Surrounded by traffic, concrete, and corner stores is a 1.1 acre farm located in the middle of south Dallas.
Residents who live in Bonton, which is one of the oldest historic black neighborhoods in Dallas, did not decide to grow their own produce out of a desire to follow a food trend.
Just like the thousands of other people who live in the southern sector of one of the wealthiest cities in America, they live in a food desert.
“Bonton is one of the oldest black communities in Dallas, and it is a food desert,” said Patrick Wright. “I grew up here in the 60s, and there was a huge racial divide. There was nothing here. There were no businesses, no opportunities and for food all we had were the corner stores."
There are 40 “food desert” communities in the city of Dallas.
According to the U.S. Department of Agriculture, a food desert is a low-income area where the residents have little to no access to quality grocery stores.
Daron Babcock, who was the driving force behind Bonton Farms, noticed the disparity between north and south Dallas when he moved from Frisco to Bonton.
“You start to see the lack of businesses and developments when you go south of I-30," Babcock said. "You can live here and never see the other side. Some people will never know the world of lack and poverty half of our city lives in."
A Tale of Two Cities
The Dallas-Fort Worth Metroplex is a unique mix of “big business” (both old and new), an explosive population growth and an economy that continues to out-perform.
In 2016, according to the Dallas Regional Chamber of Commerce, DFW’s financial market value exceeds $500 billion.
The majority of that stunning growth within DFW (specifically the city of Dallas) is located north of Interstate 30.
While commercial, business and residential real estate opportunities sprout throughout north Dallas, there is a significant drought in the south.
I-30 serves as a “great divide” between those who have options and others who do not.
According to reports from Dallas Mayor Mike Rawlings’ “Task Force on Poverty,” Dallas leads the nation in inequity.
The poverty rate has increased 42 percent over the past 15 years.
In Dallas, there is a correlation between the lack of economic growth south of I-30, and the demographics for low-income residents.
In south Dallas, businesses (including quality grocery stores) are scarce.
Five months ago, the city of Dallas offered a $3 million incentive to any developer willing to build a quality grocery store in south Dallas.
According to Erik Wilson, who is the Deputy Mayor Pro Tem for the city of Dallas, “there have been zero proposals that meet the standards of a ‘quality’ grocery store.”
“We have the number one childhood poverty rate in the United States and that is unacceptable," Babcock said. "For a city that’s as prosperous as Dallas, that’s unacceptable. That we have 40 communities that are sick and dying that don’t have food. That’s unacceptable."
Daron began to notice the correlation between the lack of healthy food options and the high rate of diabetes, heart disease, cancer and stroke.
“I got together with some of the men in the community and we decided to plant a garden. I didn’t know anything about farming. I’m a YouTube farmer. I learned everything off of the internet,” he said.
Their first garden was started in the parking lot of an old bar.
“There was no soil, just glass and gravel. You couldn’t even get a shovel in the ground," said Babcock. "This was a food desert. People thought we were crazy, but I thought it would be a great way to get healthy food and maybe we could even sell our produce."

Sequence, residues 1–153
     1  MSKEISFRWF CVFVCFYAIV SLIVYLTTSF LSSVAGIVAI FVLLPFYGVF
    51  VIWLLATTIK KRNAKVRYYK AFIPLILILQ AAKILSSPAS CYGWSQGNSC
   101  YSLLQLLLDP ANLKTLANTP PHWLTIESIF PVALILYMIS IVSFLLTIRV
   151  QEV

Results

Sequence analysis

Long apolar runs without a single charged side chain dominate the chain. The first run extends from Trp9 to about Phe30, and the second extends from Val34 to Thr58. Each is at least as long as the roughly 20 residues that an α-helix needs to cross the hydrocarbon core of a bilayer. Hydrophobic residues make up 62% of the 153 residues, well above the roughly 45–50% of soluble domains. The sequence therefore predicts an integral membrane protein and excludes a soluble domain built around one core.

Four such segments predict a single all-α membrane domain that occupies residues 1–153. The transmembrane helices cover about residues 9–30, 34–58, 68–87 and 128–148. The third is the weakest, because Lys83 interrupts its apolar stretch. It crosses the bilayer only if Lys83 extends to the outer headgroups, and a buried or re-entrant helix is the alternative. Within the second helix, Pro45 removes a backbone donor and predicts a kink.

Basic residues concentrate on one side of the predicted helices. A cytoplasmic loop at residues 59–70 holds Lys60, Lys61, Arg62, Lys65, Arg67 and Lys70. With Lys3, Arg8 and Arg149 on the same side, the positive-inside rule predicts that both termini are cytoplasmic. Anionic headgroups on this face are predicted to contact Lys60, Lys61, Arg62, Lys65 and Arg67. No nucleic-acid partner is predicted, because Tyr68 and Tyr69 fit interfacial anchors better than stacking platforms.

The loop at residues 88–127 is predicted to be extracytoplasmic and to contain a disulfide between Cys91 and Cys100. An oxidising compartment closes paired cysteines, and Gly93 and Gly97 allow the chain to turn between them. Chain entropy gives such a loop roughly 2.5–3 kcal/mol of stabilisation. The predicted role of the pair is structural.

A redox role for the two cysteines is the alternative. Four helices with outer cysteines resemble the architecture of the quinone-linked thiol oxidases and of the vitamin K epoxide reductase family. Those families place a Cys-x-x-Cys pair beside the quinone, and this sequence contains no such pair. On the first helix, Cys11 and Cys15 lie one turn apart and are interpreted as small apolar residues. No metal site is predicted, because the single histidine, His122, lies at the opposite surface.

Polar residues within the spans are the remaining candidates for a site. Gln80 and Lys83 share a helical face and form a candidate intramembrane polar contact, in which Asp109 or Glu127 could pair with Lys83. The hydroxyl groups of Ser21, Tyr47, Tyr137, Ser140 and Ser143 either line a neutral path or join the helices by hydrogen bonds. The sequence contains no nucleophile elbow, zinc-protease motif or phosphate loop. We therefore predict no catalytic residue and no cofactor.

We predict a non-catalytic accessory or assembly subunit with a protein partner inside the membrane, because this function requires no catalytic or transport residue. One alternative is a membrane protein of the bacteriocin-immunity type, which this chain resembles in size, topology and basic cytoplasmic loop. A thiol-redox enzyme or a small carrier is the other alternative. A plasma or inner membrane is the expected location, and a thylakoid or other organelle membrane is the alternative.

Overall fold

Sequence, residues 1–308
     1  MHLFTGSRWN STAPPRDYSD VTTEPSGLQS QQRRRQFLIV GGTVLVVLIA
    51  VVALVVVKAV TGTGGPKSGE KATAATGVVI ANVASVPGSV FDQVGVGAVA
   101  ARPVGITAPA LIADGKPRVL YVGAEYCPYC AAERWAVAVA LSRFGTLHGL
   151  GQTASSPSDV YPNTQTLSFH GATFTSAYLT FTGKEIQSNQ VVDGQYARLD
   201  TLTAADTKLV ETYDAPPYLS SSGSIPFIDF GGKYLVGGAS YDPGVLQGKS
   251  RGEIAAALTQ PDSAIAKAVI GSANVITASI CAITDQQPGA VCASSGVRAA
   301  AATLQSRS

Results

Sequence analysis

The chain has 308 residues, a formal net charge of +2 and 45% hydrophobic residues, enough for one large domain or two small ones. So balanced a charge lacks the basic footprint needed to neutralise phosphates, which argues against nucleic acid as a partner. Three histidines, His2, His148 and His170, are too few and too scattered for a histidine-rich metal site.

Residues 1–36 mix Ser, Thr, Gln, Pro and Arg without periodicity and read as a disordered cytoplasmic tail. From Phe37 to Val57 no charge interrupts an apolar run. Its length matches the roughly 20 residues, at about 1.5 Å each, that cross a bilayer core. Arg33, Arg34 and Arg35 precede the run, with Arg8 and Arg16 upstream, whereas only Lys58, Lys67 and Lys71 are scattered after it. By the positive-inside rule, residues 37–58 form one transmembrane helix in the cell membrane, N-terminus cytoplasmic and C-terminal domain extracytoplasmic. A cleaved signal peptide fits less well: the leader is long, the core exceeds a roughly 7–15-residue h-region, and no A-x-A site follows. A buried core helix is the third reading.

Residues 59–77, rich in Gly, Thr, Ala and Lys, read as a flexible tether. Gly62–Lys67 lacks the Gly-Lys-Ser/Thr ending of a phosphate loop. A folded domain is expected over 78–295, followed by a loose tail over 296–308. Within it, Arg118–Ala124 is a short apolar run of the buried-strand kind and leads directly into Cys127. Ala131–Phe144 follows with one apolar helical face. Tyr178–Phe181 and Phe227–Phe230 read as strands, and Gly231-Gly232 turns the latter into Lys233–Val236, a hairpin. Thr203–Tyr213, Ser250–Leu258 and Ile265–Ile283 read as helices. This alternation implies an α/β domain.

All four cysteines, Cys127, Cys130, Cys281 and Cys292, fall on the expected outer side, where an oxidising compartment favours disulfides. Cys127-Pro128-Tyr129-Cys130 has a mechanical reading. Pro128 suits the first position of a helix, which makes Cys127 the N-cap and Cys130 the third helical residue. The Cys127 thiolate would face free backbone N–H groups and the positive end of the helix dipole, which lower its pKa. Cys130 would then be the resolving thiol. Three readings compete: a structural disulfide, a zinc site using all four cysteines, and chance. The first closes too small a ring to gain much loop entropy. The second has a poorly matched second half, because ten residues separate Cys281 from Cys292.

Planting Seeds in the Middle of a Desert
After a few failed attempts, the small community garden began to flourish.
“The kids in the neighborhood loved the vegetables. They would help with the garden," Babcock said. "We needed more space. I bought one lot, then Habitat for Humanity donated land and the city of Dallas heard what we were doing and they donated a lot as well. Now, Bonton Farms is on 11 lots. We have pigs, goats, chickens and every kind of green vegetable. We are not only feeding the community. This farm is a place where you can come and be uplifted and cared for."
Daron left a corporate job in Frisco and moved to Bonton five years ago to help the families in the community.
“I started a small Bible study, and I thought maybe if I’m closer in the community, I can see the need and possibly help with work. I quickly saw the issues were multi-layered. I was changed. My eyes were opened, and my heart was changed,” said Babcock.
“I thought I was going to be the one to help them, but they helped me. What I learned from my friends and my neighbors in Bonton was a resilience. When I thought things were getting hard and I wanted to give up they would say, ‘this isn’t hard, you don’t know what hard is.’ I need that in my life," said Babcock. "I think we, as a people, miss out on that. We miss out on all of the other things different communities have to offer because we live in our own pockets. This farm plays a role in awakening the city to the disparities that exist from communities between communities."
After two years of running the farm, a generous donor recently gave him 48 acres to expand Bonton Farms.
“I am excited to see what Bonton Farms will do for the community years down the line. I hope this can be a model for other communities in Dallas," said Babcock. "I couldn’t have done this by myself, though. So many men and women in the community worked with me. We worked side by side, and we continue to build and grow. This wasn’t just my idea. Men from this community invested and worked for this."
That struggle has pulled the community together.
“We are breaking down the racial barriers. Every Saturday there are children and people here of all different colors. Some people are helping, some are just enjoying the farm or the animals. It’s a place of beautiful servitude,” said Wright.
To find out more information about Bonton Farms, click here.